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on 8 July 2002
This book cuts straight to the point. It explains UML and UP without going overboard on the detail. Then, it goes on to explain how to use both to develop quality software efficiently. It is refreshing to find a book that doesn't waffle on about peripheral issues, or the authors petty gripes about what should or shouldn't be. It is not for novices however, but if you have had some exposure OO analysis and design, it is very easy to follow.
I would also suggest having a UML tool available as you go through the book, just to experiment with and get a feel for how things fit together - try Poseiden's UML tool, which has a free version with a good example model and concise user guide.
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UML and the Unified Process are related techniques for designing and developing Object Oriented software systems. They have common origins and strong areas of overlap, and so it's natural to use them together; indeed for many, proficiency in UML is a prerequisite to becoming an "UP practitioner".
This book presents UML within the structure of the Unified Process. It's clearly written and well laid out, with signposts to help the novice orient themselves, and to help the expert skip introductory text and find what they're looking for.
The Unified Process (UP) described is the 'classic' (non-proprietary) version, however there is a good, concise summary of how this differs from the Rational Unified Process (the most widely-used proprietary version).
The book concentrates on UP's Analysis, Design and Implementation workflows. Business Modelling isn't really mentioned, and the authors explicitly say that they do not address the Testing activity. I feel there's a strong connection between Use Cases and Acceptance Test cases, but do realise that the authors had to draw a boundary somewhere! Nevertheless I dislike their explanation of fig 2.7 that "In Transition [phase] the emphasis is on implementation and test". 'Emphasis' perhaps, but continual verification of quality in EVERY iteration is one of the foundation "best practices" of UP, so readers should not leave their testing and integration to final phase!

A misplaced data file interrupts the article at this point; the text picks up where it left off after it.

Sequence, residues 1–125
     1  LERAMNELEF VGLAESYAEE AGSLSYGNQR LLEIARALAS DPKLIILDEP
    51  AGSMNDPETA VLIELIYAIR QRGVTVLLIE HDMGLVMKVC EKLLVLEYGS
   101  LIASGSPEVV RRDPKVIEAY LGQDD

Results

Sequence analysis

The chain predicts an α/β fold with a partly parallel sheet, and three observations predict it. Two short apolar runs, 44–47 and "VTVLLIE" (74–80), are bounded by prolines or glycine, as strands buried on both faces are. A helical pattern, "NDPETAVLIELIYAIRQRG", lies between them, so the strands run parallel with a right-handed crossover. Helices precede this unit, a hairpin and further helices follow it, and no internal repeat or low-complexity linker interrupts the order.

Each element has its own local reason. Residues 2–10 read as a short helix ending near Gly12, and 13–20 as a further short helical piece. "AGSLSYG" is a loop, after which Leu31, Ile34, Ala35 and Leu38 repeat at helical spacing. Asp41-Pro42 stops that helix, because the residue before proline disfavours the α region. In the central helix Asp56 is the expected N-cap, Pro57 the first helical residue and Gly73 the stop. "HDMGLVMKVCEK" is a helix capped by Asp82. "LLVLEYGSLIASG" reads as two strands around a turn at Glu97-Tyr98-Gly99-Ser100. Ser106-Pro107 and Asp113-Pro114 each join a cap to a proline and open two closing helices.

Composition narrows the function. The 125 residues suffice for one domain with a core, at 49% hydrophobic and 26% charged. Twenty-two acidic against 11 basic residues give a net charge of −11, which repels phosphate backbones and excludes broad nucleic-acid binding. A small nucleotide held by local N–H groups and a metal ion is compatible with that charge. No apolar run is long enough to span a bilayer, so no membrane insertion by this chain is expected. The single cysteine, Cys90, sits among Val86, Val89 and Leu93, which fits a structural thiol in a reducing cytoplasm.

The presentation of UML notation is very clear, with a good selection of annotated diagrams and examples. As with UP, the authors stick to 'non-proprietary' UML and give warnings where CASE tool support might be restricted or non-standard. I couldn't find mention of specific UML CASE tool constraints (e.g. Rational ROSE); given the rapid evolution of those tools that's understandable, but it does mean the reader will encounter features on, say, ROSE diagrams which don't look quite like those in the book. The book does show the mapping of certain UML object features to Java, C# and C++ language features.
Throughout the book, the authors tell us WHAT to do when writing UML, and also explain WHY UML is designed that way, with useful tips on best practice and common pitfalls.
I'd recommend this book to any UP/UML novice. Because we only see the parts of UP that are directly relevant to UML, a good companion book (to fill in the UP gaps) would be Kruchten's "The Rational Unified Process - An Introduction - Second Edition". Practitioners who are already proficient in UML and UP might also find "UML and the UP" useful - because they still have to present their models to non-experts, and the book contains some excellent explanations which can be useful in such presentations.
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